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  • Aaron Chong

Alone, But Not Lonely

This article is a continuation of ‘A Refreshed Spirit…’


Being alone and away from home, on the other side of the world has both its perks and drawbacks. The two months spent in Toulouse, France, as part of my job secondment, may have been an unwelcome change when I first started my stint. Even as time went on and I came to embrace it as a season of blessing, I nonetheless had to battle with the bouts of loneliness I experienced.

The most obvious reason is the cultural difference. Unlike home, there was no local community of Singaporeans to easily chill out with. It also dawned on me that the company’s ‘unspoken’ culture was that business and personal lives are very distinct and don’t mix, hence, no one initiated the idea of a post-work meal or drink.

Thus, my daily routine was to come home to an empty apartment, cook a meal and savour it alone. Thereafter, I would either dive back into work or into my books (thank God I brought Peter Scazzero’s Emotionally Healthy Spirituality). In the stillness of my room, the silence was deafening at times and homesickness soon well and truly kicked in. Text messages sent over Whatsapp or Telegram would go unanswered until the following day because Asia was asleep by then.

But the silence trained me to spend time with Him.

I have a theory about why I (and so many others) find it difficult to spend time in true silence: we haven’t been trained for it.

Like running, singing, or cooking, silence is a skill we have to cultivate, and far too often we set out to practise silence in ways that we aren’t prepared for, with expectations that silence can’t meet.

Like Isaiah 30:15 says, “... In repentance and rest is your salvation, in quietness and trust is your strength”.

It was in the quietness that I met God afresh. A special encounter happened when I went on a hike in the mountains. The words of the great hymn, How Great Thou Art came to mind that day:

When through the woods and forests glades I wander,

And hear the birds sing sweetly in the trees;

When I look down from lofty mountain grandeur,

And hear the brook and feel the gentle breeze:

I felt my soul refreshed that day. Knowing that He walks with me and talks with me, and He tells me that I am His own. I began to feel a sublime joy as I tarried in the wonder of God’s creation. It was deeply personal and uplifting.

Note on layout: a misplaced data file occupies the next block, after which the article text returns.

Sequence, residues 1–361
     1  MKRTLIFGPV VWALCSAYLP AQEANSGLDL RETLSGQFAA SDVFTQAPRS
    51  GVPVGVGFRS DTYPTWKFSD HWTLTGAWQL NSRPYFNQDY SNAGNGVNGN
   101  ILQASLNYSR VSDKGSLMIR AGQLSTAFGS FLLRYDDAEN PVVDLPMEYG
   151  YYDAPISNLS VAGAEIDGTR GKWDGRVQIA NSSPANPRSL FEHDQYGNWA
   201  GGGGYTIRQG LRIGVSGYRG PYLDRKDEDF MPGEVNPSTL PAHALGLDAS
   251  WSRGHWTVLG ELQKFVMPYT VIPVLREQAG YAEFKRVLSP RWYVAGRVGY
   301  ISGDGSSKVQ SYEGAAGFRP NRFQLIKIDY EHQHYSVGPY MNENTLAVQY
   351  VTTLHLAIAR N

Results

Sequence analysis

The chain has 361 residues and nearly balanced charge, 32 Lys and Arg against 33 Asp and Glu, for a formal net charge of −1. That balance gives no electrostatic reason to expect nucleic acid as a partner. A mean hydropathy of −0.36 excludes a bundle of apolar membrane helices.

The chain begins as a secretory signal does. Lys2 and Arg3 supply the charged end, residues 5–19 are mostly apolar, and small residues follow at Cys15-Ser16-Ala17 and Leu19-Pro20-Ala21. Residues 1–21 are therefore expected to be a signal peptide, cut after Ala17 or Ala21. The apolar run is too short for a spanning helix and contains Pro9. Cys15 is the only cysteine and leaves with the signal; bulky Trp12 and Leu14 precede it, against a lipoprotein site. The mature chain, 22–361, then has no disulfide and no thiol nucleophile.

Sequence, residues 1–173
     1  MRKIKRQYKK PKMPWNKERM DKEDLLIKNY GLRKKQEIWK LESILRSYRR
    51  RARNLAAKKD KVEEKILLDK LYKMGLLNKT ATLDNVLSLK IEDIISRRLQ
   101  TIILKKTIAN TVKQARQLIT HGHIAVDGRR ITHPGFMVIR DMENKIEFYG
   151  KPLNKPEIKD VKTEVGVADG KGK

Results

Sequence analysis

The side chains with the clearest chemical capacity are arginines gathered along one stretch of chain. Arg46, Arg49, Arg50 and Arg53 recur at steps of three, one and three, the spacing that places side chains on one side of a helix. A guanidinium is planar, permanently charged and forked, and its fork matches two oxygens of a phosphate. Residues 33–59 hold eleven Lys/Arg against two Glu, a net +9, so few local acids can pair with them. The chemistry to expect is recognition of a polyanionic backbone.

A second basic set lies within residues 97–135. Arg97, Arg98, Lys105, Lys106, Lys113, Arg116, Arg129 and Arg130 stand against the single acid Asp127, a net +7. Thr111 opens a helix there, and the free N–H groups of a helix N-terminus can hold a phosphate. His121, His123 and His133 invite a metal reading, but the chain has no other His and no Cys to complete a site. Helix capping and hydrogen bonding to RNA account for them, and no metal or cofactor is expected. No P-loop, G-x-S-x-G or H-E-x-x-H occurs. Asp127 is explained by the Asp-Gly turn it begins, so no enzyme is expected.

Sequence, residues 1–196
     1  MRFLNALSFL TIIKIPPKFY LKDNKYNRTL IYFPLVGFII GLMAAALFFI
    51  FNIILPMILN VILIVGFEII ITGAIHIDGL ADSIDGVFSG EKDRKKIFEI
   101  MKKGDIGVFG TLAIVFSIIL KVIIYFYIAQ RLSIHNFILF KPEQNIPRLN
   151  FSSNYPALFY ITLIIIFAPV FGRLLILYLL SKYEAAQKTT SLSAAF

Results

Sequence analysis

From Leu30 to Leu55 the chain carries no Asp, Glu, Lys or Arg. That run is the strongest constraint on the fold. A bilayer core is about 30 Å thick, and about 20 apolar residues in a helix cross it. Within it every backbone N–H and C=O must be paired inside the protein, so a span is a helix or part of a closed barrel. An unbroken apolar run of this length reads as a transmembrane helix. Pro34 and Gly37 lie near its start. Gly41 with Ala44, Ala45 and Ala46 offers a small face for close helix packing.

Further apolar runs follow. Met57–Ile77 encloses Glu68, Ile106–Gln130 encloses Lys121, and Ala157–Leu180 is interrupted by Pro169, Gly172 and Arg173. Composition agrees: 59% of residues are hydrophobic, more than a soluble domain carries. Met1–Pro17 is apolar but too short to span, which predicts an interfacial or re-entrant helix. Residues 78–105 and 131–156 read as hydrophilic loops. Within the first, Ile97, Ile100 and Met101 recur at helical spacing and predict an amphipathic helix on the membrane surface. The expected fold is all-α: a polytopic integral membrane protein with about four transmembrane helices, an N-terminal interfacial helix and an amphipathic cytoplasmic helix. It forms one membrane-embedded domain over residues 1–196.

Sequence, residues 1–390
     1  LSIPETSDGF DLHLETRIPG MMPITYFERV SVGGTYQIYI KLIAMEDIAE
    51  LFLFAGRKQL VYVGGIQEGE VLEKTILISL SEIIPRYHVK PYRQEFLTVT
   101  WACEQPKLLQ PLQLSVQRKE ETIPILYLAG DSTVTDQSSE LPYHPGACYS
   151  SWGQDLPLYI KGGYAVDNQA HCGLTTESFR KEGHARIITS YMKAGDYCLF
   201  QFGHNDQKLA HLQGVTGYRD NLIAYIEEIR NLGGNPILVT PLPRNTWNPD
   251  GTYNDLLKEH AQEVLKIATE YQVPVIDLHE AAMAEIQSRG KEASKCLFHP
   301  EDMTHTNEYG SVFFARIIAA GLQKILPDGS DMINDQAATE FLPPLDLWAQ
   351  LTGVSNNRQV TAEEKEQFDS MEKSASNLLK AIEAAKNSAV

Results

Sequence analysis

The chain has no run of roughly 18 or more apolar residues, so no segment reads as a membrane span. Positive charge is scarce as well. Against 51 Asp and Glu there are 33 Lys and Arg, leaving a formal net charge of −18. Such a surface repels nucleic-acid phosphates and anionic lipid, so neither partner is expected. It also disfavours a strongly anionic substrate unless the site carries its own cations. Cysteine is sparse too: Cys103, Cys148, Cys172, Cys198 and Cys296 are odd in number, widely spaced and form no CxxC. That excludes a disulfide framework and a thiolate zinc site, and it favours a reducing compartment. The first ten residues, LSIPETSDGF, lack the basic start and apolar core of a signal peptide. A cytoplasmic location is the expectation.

Loneliness is felt in many ways. Sometimes, even in a social gathering, the lack of meaningful exchange or deep conversations, or a desire to connect that is met by busyness, can leave us feeling lonely and left out.

My new found comfort with being alone reminds me of how I used to whine about not having a large family with plenty of interactions. For years I would lament to my parents about this lack I felt. What I failed to see was that I was already blessed with a loving family - albeit a small one. I still had plenty to celebrate during the season - be it good health, a place to live, or food on the table.

Be it in France or at home during CNY, it was the easier option to choose to feel lonely because I was alone, or I could choose to feel grateful for the positive things in life.

Shifting from this place of demand and anxiety to gratitude has been transformational, allowing me to learn to live in the present moment and be mindful of my circumstances.

With Christmas and the New Year fast approaching, I am cognisant that there will be people among us who will feel lonely. I am inspired by a friend who at Christmas or New Year’s Eve, would it make a point to broadcast a message over her Instagram account seeking anyone to hang out with - whether for a meal or a movie. She does this, not because she herself was lonely but she recognises the fact that there are lonely souls out there. She seeks to bring the love of Jesus to those who may need it and meet their immediate need - company.

In that sense, an antidote to loneliness may be to look outward at the needs around us.

Just as I discovered afresh that I can feel lonely but am not all alone, I suppose the remedy for a downcast soul is to remember the great gift of Jesus’ presence in our lives. As Christians, we know that we are never truly alone. We can be certain of this by the promise Jesus has given us that He will never leave or forsake us (Hebrews 13:5), and we can be comforted by His assurance that He is with us always (Matthew 28:20).

If you’re lonely today, know God is indeed there, with you and beside you. Like Deuteronomy 1:31 says, “There (in the wilderness) you saw how the Lord your God carried you, as a father carries his son, all the way you went until you reached this place.”


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